Recently Psychology Today published an article entitled: The Myth of Mental Health Diagnosis: Disagreement between clinicians is the norm, not the exception. Just let that title sink in for a moment. But not just the title, consider that article is being published. Psychology today styles itself as, “The world’s largest mental health and behavioral science destination online.” And claims to be, “the world’s largest portal to psychotherapy; it includes free access to hundreds of thousands of professionals.” From the title and the opening sentences, Biblical Counselors can take three important things to encourage us in our convictions.
Mental Diagnosis is a Myth
That is not from the mouth of a counselor using the Bible, that is from a Psy.D. writing from Psychology Today. For anyone who considers themselves a Biblical Counselor, very little stock is placed in a diagnosis by the mental health community. Those affixing the labels that many counselees come in with may have coined terminology that is helpful for many in society to use, but when it comes to treatment, causes, and solutions, those are often completely lacking. Simply put, an article like this reassures us that much of the modern method of caring for the souls of people is built on sand.
The author is William Hwang, Psy.D. He cites several studies in his article and opens with this question and then statement,
“You would think it would be fairly obvious if someone is depressed, right? Wrong. Highly trained psychiatrists who independently evaluated an individual could only agree that the person had depression between 4 and 15 percent of the time.”
Why this article is so revealing is because it boldly states that no stock can be put into a diagnosis. Why? Because the majority of the times the diagnosis you receive from one practitioner will be different if you visit another practitioner.
Psychology is built on the ground that the DSM is objective, and will guide it’s users to produce a standard diagnosis that can be used for treatment. While Biblical Counselors could see that the entire discipline was built on such subjective changing interpretations of the world, they are coming to terms with it in their own research.
There is widespread disagreement between practitioners
The entire premise of the DSM is built on standards. Those standards are meant to ensure conformity; they do not. What Dr. Hwang is arguing is that the diagnosis should not be seen as a rigid criterion like it would be if you want to an oncologist, but rather something else.
“This does not mean that diagnoses are completely useless, but it does mean we should treat them less literally and understand that two clinicians may be looking at the same symptoms but seeing and naming them differently based on different contexts, which can include the clinician’s own biases, differences in training, and what the client chooses to report.”
Notice he acknowledges that two people, seeing “the same symptoms” will come to different conclusions. This also shows us how subjective the experience is for a person practicing any form of modern psychology. It is so subjective because it is based on the counselor’s own interpretation and a number of factors. Again, Hwang understands this, while at the same time attempting to not throw out the DSM.
Notice what Dr. Hwang is admitting yet advocating for. He agrees that this is very subjective, but his remedy to this is not to take a diagnosis literally. He is essentially arguing that when a person comes in and has been labeled a particular way, everyone understanding that label should not take it literally.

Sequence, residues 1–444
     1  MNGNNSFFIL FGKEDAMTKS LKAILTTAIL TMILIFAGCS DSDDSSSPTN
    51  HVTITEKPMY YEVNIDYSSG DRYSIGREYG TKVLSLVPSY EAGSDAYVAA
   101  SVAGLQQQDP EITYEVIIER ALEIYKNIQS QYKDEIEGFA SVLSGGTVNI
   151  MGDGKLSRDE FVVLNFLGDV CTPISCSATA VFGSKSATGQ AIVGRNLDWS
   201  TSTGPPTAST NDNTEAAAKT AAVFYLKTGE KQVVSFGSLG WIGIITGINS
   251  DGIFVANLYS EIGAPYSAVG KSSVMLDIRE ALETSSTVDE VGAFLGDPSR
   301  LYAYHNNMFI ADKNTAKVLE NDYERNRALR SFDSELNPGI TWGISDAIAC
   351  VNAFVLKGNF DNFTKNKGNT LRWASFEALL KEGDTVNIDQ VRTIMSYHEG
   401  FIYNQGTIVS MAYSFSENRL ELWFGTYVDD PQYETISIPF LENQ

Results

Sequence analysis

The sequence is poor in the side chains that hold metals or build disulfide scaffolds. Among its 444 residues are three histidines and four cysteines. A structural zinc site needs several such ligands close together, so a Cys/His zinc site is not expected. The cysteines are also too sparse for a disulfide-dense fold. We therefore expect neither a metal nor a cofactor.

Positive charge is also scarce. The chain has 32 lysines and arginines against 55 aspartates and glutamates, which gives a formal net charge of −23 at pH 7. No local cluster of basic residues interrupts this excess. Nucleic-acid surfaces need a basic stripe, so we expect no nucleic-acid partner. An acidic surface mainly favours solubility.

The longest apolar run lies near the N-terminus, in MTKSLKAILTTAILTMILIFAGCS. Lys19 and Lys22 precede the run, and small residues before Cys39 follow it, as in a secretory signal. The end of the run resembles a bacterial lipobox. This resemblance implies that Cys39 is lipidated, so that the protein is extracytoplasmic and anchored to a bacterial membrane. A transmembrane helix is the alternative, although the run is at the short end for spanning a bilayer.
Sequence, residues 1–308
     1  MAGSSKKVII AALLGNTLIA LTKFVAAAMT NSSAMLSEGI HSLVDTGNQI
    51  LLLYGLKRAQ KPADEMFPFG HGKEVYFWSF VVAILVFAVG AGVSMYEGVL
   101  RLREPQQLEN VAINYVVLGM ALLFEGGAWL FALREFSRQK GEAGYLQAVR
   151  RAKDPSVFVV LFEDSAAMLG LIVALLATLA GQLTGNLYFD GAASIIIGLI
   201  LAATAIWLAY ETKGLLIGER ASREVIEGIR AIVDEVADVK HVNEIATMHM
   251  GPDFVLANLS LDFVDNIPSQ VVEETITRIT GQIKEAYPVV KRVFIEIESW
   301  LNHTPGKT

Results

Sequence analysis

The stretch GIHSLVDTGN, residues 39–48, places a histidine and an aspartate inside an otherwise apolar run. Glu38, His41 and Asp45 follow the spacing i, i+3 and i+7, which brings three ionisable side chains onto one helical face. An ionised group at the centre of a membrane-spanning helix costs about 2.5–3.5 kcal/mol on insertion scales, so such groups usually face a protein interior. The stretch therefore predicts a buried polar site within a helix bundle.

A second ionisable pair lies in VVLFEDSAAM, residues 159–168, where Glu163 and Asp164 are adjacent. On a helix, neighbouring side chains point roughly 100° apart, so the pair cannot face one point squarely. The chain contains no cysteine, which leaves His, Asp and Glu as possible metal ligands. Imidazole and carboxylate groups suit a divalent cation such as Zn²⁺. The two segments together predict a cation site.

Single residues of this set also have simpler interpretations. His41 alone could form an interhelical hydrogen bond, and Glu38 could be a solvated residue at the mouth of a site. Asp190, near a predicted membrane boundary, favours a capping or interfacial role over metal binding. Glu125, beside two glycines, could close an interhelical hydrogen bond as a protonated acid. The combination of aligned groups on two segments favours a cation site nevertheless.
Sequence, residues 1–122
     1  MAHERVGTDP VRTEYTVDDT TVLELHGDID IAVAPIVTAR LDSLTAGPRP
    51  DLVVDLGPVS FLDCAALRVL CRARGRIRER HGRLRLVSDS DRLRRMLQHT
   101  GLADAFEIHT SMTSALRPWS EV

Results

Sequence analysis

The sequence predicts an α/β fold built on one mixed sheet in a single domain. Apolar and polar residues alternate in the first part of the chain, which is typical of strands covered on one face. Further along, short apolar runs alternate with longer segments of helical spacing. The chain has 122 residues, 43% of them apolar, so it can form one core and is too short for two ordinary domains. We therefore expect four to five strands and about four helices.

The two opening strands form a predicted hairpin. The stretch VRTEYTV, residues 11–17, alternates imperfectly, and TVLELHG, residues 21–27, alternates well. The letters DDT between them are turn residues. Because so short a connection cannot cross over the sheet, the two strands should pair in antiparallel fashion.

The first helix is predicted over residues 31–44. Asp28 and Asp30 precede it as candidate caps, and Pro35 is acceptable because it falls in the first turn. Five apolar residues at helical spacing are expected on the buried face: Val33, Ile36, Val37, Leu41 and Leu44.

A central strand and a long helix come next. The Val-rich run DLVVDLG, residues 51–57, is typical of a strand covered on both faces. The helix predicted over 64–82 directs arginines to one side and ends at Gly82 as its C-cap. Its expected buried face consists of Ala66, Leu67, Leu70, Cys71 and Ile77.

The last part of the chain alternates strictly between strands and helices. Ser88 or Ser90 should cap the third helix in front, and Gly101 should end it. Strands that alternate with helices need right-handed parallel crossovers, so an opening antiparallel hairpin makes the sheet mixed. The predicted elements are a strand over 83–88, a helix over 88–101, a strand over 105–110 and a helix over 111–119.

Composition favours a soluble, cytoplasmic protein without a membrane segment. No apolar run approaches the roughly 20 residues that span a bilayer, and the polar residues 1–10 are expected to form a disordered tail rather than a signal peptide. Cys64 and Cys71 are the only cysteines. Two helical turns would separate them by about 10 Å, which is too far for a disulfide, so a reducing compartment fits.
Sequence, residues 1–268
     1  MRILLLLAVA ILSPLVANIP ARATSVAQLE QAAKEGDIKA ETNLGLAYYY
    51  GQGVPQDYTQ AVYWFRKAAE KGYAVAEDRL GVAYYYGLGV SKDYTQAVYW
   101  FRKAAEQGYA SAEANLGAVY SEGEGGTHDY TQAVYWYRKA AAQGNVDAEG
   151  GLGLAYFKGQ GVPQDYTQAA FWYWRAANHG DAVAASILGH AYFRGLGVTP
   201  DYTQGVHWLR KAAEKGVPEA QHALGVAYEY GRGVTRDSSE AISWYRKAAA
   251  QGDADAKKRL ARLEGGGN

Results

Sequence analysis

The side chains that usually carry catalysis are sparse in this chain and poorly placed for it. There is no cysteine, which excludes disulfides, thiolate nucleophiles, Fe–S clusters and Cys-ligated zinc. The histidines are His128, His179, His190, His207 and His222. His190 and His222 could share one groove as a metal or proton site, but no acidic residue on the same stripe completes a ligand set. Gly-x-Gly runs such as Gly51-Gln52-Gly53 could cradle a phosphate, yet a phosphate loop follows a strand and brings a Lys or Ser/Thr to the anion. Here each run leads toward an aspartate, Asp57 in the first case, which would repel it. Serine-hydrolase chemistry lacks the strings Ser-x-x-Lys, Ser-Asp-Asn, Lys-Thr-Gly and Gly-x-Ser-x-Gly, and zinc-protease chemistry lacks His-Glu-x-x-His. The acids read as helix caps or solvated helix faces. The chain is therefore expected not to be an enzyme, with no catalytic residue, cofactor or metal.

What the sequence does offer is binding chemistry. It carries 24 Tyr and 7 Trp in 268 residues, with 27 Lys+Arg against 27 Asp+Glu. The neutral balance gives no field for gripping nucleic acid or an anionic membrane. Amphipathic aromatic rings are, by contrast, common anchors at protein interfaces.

He would conclude,
“All of this is to say that perhaps we should take mental health diagnoses with a grain of salt. You may get one diagnosis from one clinician and find that if you go to another one, you may get a different one—or a few extra ones. Some clinicians can tend to diagnose people more often with depression, while other clinicians can diagnose people with anxiety.”
Just notice the breathtakingly honest assessment of the subjectivity of the diagnosis process. Psychology has attempted to style itself like a hard discipline like medicine. However, when you visit a medical doctor at a hospital because you believe that you have broken your ankle, an X-Ray is ordered and then a doctor interprets the X-Ray. Any doctor who is competent will come to the same conclusion.
For Biblical Counselors who focus on the heart and not diagnosis of symptoms, we should be reassured in our convictions of the sufficiency of scripture and the methodology that we believe in that flows from our study of God’s word.
Don’t expect change to the field
While Dr. Hwang should be commended for his brutal honesty, very little will likely change. Psychology and all the various disciplines attached to it need to have a diagnosis for two reasons: (1) they need to be able to bill and (2) they need a diagnosis for a treatment plan. While there may be massive problems with the field, no one is advocating for the abolishment of the DSM. Rather, instead Dr. Hwang argues that diagnoses should be seen through a post-modern worldview. “Let’s realize that our perceptions are subjective and that there can be multiple truths.” While we all have a level of subjectivity in our lives, to argue that the only solution here is to assume that everyone is right, will only lead to further chaos and harm done for those under the care of a psychologist.
Let us as Biblical Counselors redouble our efforts to think clearly about how people are being cared for in this world. When a counselee shows up with a diagnosis, remember that even in the lips of their own, that diagnosis holds very little weight. Let us be a people that seeks to get it right, knowing that there is an objective standard of truth: God’s word. And by using that standard, we can provide the best care to the person sitting across the table from us.